Eight decades ago, a mystery novel in Argosy magazine launched the career of "Hugh Pentecost," and opened a window onto Lieutenant Luke Bradley's career.
Cancelled in Red began in the Argosy issue of May 6, 1939. The magazine was a weekly presence on newsstands for nearly 75 years. The novel was serialized in the issues dated May 6, May 13, May 20, May 27, and June 3.
An unscrupulous, high-end stamp broker is murdered in his business office. Suspicion falls upon several colorful collectors and dealers. Rival stamp dealer Larry Storm takes an interest in the case, especially the high society woman swindled by the deceased Max Adrian. Storm's amateur investigation is disrupted by the arrival of NYPD Lieutenant Luke Bradley, a soft-spoken homicide investigator with a hair-trigger temper, and Sergeant Rube Snyder.
The magazine publication coincided with the Dodd, Mead & Company edition, but Argosy presented a heavily edited (and revised) version. The novel was reprinted in Triple Detective Fall 1949 (Best Publications, Inc.), but the "Expertly Abridged" version deletes much of the charm from Pentecost's prose. The Bold Venture Press edition (2016) uses the proper text from the Dodd, Mead edition.
In their review of the Bold Venture Press edition, Publishers Weekly wrote: "First published in 1939, this reissue marks the debut of NYPD Insp. Luke Bradley. A formulaic whodunit set in the stamp collecting world ... many readers will enjoy this installment and want to seek out Pentecost's other works."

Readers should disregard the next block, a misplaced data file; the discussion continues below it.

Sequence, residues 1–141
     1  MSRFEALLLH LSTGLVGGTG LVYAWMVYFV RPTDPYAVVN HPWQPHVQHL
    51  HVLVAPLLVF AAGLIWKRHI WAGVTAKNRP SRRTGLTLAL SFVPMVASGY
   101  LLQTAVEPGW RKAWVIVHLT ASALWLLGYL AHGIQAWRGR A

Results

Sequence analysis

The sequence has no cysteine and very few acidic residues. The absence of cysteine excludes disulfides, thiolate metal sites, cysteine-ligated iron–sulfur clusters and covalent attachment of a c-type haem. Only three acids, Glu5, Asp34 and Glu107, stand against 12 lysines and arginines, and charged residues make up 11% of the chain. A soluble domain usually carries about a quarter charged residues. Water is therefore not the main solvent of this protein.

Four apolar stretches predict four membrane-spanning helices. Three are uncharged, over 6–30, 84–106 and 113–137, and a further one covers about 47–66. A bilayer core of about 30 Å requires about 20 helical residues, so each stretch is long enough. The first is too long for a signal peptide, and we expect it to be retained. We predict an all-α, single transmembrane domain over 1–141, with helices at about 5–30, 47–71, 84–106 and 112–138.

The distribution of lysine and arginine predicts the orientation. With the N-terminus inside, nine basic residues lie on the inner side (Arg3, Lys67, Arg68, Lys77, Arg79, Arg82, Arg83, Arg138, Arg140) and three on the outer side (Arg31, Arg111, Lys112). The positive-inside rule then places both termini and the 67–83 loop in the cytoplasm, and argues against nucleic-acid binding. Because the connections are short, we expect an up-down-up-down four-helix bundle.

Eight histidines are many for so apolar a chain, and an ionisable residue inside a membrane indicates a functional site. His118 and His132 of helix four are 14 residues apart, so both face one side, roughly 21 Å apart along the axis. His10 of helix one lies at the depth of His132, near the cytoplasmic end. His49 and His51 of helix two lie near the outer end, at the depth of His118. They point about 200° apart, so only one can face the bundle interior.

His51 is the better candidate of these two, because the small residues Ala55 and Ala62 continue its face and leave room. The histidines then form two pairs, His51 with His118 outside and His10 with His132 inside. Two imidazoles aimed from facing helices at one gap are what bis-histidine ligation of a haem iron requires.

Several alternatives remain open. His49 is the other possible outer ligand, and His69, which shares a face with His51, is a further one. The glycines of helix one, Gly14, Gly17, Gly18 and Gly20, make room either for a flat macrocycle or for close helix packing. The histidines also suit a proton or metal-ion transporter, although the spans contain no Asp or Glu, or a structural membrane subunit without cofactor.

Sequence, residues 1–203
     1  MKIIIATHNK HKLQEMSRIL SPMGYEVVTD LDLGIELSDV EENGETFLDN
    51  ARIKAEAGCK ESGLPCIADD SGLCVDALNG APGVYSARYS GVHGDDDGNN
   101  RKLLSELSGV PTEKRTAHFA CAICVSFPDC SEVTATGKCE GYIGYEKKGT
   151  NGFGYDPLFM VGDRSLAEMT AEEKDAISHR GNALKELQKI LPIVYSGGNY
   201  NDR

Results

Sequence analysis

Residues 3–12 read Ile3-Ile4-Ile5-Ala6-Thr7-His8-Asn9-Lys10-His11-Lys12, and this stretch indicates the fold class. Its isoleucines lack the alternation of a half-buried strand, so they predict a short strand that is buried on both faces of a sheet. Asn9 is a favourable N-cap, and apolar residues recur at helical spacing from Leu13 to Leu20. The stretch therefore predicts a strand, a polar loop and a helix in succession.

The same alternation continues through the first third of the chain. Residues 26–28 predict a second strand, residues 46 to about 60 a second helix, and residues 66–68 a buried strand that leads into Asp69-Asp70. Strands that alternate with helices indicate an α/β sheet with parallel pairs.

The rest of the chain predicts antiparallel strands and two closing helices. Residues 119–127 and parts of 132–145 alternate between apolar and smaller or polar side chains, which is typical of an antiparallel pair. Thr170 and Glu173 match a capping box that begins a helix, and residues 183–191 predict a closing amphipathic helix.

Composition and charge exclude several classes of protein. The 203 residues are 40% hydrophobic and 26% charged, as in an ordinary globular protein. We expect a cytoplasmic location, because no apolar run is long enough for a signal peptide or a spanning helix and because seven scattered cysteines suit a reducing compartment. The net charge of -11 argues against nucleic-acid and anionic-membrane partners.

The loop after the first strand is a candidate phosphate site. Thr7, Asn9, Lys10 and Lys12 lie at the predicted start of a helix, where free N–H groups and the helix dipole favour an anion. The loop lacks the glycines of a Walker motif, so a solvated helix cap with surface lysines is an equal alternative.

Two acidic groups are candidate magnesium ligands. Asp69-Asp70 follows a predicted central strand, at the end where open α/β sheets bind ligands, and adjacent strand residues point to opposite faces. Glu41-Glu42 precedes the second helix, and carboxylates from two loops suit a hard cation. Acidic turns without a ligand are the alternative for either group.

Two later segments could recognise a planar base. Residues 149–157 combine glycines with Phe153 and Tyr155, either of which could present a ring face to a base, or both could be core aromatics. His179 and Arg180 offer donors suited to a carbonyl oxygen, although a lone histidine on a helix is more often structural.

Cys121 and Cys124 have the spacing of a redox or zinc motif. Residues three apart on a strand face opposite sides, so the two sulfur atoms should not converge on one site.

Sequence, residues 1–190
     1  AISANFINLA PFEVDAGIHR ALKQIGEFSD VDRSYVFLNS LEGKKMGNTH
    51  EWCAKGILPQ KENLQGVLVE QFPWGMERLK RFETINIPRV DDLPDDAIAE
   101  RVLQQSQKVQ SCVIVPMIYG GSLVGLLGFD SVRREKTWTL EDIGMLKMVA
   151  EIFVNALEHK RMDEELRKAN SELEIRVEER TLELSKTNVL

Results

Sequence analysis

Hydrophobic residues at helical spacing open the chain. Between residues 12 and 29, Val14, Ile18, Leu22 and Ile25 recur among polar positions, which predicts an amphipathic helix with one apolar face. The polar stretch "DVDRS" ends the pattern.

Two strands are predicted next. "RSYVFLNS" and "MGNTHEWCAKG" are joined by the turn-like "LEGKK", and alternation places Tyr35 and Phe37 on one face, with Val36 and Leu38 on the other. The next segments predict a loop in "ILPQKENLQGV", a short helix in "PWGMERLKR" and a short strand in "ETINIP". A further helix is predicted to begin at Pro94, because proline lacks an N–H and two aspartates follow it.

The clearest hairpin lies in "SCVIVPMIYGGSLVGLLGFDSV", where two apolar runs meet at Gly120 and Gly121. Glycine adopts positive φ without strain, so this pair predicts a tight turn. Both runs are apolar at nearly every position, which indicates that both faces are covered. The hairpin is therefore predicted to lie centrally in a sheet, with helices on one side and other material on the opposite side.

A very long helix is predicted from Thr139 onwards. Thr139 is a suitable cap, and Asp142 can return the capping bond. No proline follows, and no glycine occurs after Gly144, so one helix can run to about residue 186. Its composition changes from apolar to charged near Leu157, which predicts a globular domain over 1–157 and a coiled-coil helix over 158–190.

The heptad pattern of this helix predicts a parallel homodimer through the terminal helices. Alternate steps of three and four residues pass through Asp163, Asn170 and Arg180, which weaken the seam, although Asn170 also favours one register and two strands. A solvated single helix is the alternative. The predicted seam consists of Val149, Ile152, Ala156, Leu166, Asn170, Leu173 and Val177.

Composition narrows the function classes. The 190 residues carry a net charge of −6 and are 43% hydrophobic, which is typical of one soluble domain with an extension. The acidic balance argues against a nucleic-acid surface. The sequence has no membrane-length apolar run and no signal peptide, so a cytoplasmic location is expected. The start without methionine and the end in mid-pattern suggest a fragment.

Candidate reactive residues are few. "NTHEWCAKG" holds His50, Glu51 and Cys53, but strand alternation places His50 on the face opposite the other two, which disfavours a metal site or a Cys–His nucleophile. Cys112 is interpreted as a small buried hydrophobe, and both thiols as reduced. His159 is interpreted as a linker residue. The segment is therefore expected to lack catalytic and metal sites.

"The Wingless Wonder" by Judson P. Philips accompanied the conclusion of Cancelled in Red in Argosy. The timing was ironically appropriate, since Pentecost was actually a pseudonym for Philips. Cancelled in Red was "Hugh Pentecost's" first pulp rodeo, but Philips was a seasoned pulp author. He debuted in Detective Fiction Weekly in 1924, where he chronicled the exploits of The Park Avenue Hunt Club. By 1938, Pentecost was riding high in the pulp fiction field, but he knew greater sums of money awaited in the posh, slick-paper magazines.
At his agent's suggestion, Philips created the pen name to circumvent his pulp fiction pigeon-hole. The ploy worked and by 1950 he was producing new mystery and suspense fiction under both names for slick magazines and paperback originals.
An interesting sidenote: Philips dedicated the book to his friend Spencer Anderson, a prominent stamp broker on Nassau Street (like Larry Storm, the novel's protagonist). Anderson had sold a block of four "Inverted Jenny" stamps to a wealthy widow, Ethel McCoy, in the 1930s. Years later, life imitated art when the upside-down misprints were stolen while on display at a 1955 American Philatelists Society convention.
The life and career of Judson P. Philips (and Hugh Pentecost) was the subject of Once a Pulp Man by Audrey Parente (Bold Venture Press, 2016).
The "Luke Bradley" novels are available in print and eBook from Bold Venture Press. Purchase Cancelled in Red today and wish "Hugh Pentecost" a happy anniversary!
The Luke Bradley series:
Once a Pulp Man: The Secret Life of Judson P. Philips as Hugh Pentecost by Audrey Parente